In support of Donald Trump:
If it comes to Hillary vs Trump I will vote Trump. I’ve voted Libertarian in the past three presidential elections but mainly because it’s just the closest to what I believe. I’m not 100% Libertarian either.
… If I DO vote Trump it’s because I would rather burn this shit to the ground than elect Hillary.
I’m looking forward to a Trump presidency. When he is President, maybe people will realize the President doesn’t actually have all that much power. That’s probably wishful thinking, but when President Trump actually doesn’t ruin the country because of the checks and balances we have, people will realize their Congressmen have more impact on taxes and policies than their President. Maybe people will stop re-electing 90% of Congress every two years even though they have a 10% approval rating.
Trump won’t be able to get anything through Congress, and maybe — just maybe — people will realize that the office of the President is not quite as important or powerful as they thought, and they’ll do something about it.
I stand with Trump because, despite what the media says, he is the most moderate Republican running.
He wants to defund Planned Parenthood (which I agree with), however makes a point to say they provide services for millions of women, which they do. He wants to bring a lot of issues back to the states (e.g. Education). He wants to end the war on drugs and handle it on a state level. I am more of a fiscal conservative as well as a social moderate. Weird combination.
I believe in a sovereign nation and not a fan of “promoting democracy through the barrel of a gun.” Trump’s stance is strictly: we can’t afford it because we can’t. Let other countries fight.
Hillary isn’t an option because she is by far the biggest liar I have ever heard. Sanders promotes democratic socialism and although I would benefit from some of his plans, I don’t feel that free education and a $15 minimum wage would benefit our society. My husband who risks his life everyday as a fireman/paramedic barely gets paid $15/hr and fast food workers want to get paid that? Crazy. My husband worked hard to put himself through school as a rookie fireman to become a paramedic…
Although I am not a fan of some of the things Trump has said, he is more moderate and I believe will help veterans and attack the waste, fraud, and abuse in the welfare systems.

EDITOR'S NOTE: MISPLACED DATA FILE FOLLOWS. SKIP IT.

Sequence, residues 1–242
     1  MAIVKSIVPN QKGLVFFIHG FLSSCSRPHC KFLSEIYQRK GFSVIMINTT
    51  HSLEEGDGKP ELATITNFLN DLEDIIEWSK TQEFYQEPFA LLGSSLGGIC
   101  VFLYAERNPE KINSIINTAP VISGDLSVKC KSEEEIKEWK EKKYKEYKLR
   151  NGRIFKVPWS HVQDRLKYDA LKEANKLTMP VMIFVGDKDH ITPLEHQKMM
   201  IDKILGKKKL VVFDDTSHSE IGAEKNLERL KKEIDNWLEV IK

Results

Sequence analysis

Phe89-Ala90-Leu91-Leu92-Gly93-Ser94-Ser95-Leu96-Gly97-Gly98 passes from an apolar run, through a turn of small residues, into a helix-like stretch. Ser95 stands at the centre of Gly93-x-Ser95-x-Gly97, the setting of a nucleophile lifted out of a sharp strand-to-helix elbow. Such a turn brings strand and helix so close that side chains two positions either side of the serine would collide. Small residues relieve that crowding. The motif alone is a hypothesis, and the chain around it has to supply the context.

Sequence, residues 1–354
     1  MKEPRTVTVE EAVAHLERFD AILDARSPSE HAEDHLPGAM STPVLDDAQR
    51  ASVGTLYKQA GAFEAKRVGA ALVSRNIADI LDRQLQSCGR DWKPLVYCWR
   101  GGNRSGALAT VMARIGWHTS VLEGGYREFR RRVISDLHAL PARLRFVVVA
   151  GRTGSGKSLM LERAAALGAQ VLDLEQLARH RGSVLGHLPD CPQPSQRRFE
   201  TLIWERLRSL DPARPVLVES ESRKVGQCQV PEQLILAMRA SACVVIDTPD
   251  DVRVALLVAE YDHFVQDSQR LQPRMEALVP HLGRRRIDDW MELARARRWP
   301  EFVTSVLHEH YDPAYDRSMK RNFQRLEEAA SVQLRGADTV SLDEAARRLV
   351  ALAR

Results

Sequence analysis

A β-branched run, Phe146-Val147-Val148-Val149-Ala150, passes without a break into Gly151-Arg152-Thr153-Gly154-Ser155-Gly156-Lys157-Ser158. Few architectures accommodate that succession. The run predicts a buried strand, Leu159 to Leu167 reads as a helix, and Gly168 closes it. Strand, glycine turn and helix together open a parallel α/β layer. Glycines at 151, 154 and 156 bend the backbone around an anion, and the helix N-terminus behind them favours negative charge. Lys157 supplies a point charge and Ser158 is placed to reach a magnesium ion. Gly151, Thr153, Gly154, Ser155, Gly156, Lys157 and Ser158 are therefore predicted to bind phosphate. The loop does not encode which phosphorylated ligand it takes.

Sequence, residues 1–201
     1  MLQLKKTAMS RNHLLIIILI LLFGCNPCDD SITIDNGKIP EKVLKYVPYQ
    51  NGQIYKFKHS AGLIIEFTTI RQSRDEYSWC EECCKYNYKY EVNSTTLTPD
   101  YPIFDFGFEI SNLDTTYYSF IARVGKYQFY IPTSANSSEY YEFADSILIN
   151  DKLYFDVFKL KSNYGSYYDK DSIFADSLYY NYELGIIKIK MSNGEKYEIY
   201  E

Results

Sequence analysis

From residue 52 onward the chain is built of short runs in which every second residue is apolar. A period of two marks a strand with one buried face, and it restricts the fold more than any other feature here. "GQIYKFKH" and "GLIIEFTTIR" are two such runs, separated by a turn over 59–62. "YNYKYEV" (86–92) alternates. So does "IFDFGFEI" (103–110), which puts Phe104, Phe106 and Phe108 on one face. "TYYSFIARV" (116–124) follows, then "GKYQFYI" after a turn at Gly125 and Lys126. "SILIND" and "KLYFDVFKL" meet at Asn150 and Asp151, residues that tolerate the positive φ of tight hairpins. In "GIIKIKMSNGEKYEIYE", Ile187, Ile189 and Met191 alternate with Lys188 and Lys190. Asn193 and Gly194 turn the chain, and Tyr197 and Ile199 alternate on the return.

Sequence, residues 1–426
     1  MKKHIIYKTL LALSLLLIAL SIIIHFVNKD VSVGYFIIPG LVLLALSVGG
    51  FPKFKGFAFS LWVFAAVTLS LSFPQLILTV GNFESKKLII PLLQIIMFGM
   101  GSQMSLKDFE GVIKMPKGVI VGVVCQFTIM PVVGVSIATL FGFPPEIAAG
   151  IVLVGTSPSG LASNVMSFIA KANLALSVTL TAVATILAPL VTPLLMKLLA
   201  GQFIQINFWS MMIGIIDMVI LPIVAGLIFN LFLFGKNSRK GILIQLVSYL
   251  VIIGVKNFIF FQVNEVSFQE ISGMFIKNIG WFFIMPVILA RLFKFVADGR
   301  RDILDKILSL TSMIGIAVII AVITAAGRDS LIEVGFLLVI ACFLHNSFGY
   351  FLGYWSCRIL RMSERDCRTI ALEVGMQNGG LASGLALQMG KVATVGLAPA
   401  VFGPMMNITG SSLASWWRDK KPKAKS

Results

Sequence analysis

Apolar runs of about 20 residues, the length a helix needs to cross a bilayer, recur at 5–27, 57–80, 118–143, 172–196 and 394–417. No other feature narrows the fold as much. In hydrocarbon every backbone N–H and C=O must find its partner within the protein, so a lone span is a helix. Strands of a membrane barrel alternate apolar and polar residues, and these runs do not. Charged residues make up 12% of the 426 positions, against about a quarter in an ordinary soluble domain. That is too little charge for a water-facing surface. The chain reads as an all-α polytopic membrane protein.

If Sanders is not the nominee, I will vote for Trump.
He is against the TPP [Trans-Pacific Partnership], Clinton would sign it. Clinton pushed the ISDS [Investor-state dispute settlement] in the NAFTA.
In support of whoever gets the Republican nomination:
I’m a fiscal conservative who believes the best and freest form of governing is a limited government as delineated in the constitution. No power should be given to the government other than what is allowed by the constitution. So many are fooled by the false promises of socialism and the government making decisions and having power over our lives that we should retain ourselves.
I believe the concern over Rubio’s and Cruz’s religious beliefs are misplaced. Most previous president have been Christians. A strong constitutionalist like Cruz puts the constitution first. I don’t believe for a second he would violate the constitution and force some type of religious based thinking on those who don’t share those beliefs. It is actually the left that wants to impose its beliefs.
What I find interesting is how many leftist atheists there seem to be. Maybe other fiscal conservatives stay quiet about it. When one believes there is not any other legitimate philosophy other than the one they adhere to then that is a narrow-minded position (IMHO). I detest “groupthink.” If everyone in the room subscribes to a certain belief then I’m going to be more skeptical. Leftists seem to be surprised when someone has the audacity to have a different point of view then they do.
What is surprising to me is the Democrat party moving down the socialist path. I spoke with a Venezuelan yesterday who remarked how socialism had destroyed his once prosperous country. It is surprising how many are falling for the delusions of what Sanders is pushing when it is capitalism that made America one of the greatest economies the world has ever seen.
Let me make it clear: I am only voting Republican if Sanders loses the nomination.
My decision is based in moral reasoning, of which Hillary has crossed too many times, what with all the lying she is doing. Don’t get me wrong, Trump/Cruz is worse, but I would vote GOP to prevent Democrats from holding office and dampening revolutionists’ work.
How will this work? By effectively voting for a right wing idealist, we will see very clearly the divide between politics and parties. That line becomes blurred when Hillary is voted in. Half promises here, corporate buyout elsewhere, never really achieving results but just enough to shut everyone up for a while. My thought: not good enough. In order to hit home the idea of change, the disparity of policy in general must be great.
Sanders is the spark of something big. Should he lose the nomination, I would vote Republican to see that spark become a flame.
With every state and superdelegate Hillary Clinton gains, odds that I will vote Republican increases. I would vote for just about anyone over her.